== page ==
Digital portfolios will help our students shift away from the “is this good enough for the teacher” mentality. When we ask students to use their digital portfolio to demonstrate their learning, we should stress that making their understanding public means broadening their audience. Digital portfolios allow students to share their understanding with teachers, future teachers, parents, college admissions officials, future employers, their future selves, and their personal learning network. Students should understand that their learning enables them to join a wider conversation, to participate more broadly in the discussions that shape our world. With digital portfolios, students can learn to connect to to a wider audience.
How to Make Digital Portfolios Happen
As much as I’ve tried to implement digital portfolios in my classes, I admit that I haven’t perfected them. It’s very difficult to unleash the amazing things that digital portfolios can do when students are used to a passive educational model. It’s also tough to get digital portfolios going when only a handful of people on a campus are using them. Still, I have seen students grapple more with some of the most valuable educational questions they can consider: What do I know? What did I learn? How do I know that I learned it?
I think digital portfolios can benefit the learning goals of every class on campus, so I am advocating for a school-wide push to incorporate digital portfolios into our instruction. I’m not talking about simply adding one more thing to our list of things to do in class. I’m talking about using digital portfolios as a way to demonstrate understanding–something we all have our students do in some way or another in all classes. What do you want your students to know? How can they demonstrate that understanding on their digital portfolios?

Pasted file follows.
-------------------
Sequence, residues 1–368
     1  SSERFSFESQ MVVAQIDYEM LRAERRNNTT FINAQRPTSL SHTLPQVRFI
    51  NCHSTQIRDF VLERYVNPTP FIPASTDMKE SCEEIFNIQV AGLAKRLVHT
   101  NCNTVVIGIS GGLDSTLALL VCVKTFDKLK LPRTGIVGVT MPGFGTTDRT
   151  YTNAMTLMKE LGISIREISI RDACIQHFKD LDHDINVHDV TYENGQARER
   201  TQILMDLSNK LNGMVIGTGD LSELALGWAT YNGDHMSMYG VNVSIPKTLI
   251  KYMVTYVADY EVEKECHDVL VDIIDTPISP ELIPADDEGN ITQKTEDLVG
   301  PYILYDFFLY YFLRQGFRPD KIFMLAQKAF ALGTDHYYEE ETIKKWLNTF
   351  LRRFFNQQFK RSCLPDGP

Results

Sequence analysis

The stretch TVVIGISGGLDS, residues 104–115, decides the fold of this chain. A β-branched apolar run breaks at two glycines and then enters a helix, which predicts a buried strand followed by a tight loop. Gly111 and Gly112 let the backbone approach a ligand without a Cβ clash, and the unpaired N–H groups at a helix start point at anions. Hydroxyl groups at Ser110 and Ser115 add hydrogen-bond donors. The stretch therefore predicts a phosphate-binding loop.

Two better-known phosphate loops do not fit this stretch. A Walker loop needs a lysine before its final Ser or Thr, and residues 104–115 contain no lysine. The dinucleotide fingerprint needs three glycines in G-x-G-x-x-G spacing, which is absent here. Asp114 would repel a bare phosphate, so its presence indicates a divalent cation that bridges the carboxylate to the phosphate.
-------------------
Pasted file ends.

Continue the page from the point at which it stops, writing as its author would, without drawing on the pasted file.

In order to make digital portfolios meaningful for as many teachers as possible, I would like to meet up with staff members who are willing to give insight as to what a digital portfolio needs. For now, I have created a skeletal template of a digital portfolio in Google Sites. Why Google Sites? Isn’t it old and clunky? Well, it isn’t the prettiest website building service out there, but as a school in a Google Apps for Education district, Google Sites integrates very well with a majority of the web tools that our teachers are using. It’s very easy to embed docs, slides, sheets, drawings, and YouTube videos in Google Sites. Here is what the template I created currently has:
- a home page with instructions to students to edit anything and everything on the site
- a self introduction page
- an archive page to keep the site from getting too cluttered
- a help page with links to Google Sites tutorials
- a learning blog page for each subject to show thinking and reflection
- a sample project page for each subject to demonstrate learning on larger assignments
- room to grow
I look forward to working with my colleagues to give students more ownership of their learning process. Thanks for reading!
Additional Reading and Resources
- Stop Telling Us It’s Not About The Points by Maddy Moriarty
- The Digital Use Divide
- My previous blog post on digital portfolios.
- Link to the digital portfolio template I made for the English Tech Summit last week (feel free to copy it and modify it for your own digital portfolio purposes).
- Digital Portfolios Google+ Community